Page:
From Preface to The WPA Guide to New York City, written in 1939:
“The risk of error and omission–always considerable in a work of this nature, despite every precaution–is slightly increased by the fact that responsible authorities sometimes disagree.”
As I fact-check entries for Moon New York State, I am learning just how easy it is for errors and omissions to creep into texts and, over time, to harden into facts, even when I’m consulting primary, living sources who are supposed to be authorities on a place, person, or historical event.
Most of the time, there’s no willful intent to misinform, but I’ve come to realize, as I listen, for example, to the narratives of two different tour guides at the same attraction, how we each fill in history’s blank spots (or the ones that are simply less colorful) with our interpretations and, often, our imaginations. And the more we tell ourselves the versions of the histories we’ve crafted innocently–if with an extra flourish–the more we come to believe them.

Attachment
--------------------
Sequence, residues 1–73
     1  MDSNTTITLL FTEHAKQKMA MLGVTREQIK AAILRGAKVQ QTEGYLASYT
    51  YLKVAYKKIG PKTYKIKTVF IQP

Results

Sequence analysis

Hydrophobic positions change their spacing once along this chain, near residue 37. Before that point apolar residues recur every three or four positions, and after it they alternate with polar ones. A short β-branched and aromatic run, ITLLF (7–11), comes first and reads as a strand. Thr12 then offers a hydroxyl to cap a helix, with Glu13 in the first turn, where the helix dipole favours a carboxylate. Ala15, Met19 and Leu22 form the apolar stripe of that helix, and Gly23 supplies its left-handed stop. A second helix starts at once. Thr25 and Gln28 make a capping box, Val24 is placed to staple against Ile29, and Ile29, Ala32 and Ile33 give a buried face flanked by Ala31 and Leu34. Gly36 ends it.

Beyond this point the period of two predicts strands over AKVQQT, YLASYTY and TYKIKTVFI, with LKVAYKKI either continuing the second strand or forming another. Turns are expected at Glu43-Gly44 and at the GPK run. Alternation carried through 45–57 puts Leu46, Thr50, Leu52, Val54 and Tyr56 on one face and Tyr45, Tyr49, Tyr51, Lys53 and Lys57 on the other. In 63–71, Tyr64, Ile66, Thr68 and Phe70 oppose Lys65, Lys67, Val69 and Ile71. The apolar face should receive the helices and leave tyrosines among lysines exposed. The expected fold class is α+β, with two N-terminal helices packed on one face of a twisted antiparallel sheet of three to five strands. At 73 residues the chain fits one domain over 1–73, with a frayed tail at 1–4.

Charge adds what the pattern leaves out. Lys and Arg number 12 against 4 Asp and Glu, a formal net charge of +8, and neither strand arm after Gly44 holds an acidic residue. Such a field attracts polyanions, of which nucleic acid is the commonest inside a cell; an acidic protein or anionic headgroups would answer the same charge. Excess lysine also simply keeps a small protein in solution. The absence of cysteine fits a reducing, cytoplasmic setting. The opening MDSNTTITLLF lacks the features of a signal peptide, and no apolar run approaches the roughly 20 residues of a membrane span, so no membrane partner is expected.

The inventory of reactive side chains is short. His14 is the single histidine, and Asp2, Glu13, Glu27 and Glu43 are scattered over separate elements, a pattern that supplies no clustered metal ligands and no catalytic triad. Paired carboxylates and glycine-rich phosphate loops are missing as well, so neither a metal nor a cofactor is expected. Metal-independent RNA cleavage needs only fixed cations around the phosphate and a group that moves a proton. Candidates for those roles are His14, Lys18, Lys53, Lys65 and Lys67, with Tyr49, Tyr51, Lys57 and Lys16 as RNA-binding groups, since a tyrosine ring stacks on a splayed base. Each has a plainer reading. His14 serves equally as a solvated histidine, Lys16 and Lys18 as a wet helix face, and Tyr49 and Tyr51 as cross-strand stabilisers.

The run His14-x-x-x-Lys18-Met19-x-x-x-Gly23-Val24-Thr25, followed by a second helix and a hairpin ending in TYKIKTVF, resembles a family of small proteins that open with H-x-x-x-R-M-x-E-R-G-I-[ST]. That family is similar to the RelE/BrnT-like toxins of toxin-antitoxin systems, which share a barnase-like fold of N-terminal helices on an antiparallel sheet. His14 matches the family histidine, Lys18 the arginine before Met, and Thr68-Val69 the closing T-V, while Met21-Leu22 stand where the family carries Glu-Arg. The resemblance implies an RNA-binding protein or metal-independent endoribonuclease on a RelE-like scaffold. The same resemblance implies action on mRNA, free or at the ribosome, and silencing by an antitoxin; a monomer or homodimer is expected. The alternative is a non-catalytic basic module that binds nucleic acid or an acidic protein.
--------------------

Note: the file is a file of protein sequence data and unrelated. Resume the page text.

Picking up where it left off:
You can attempt to get the most accurate bead on history by asking more precise questions
Was the hotel built in 1959 or did it open in 1959?
If the doors close at 10pm, does service end at 9pm?
and through triangulation (simply put: the consultation of multiple sources, checking them against each other), but the risks of error and omission still exist, and the larger the project is and the shorter its deadline, the more likely they are to occur.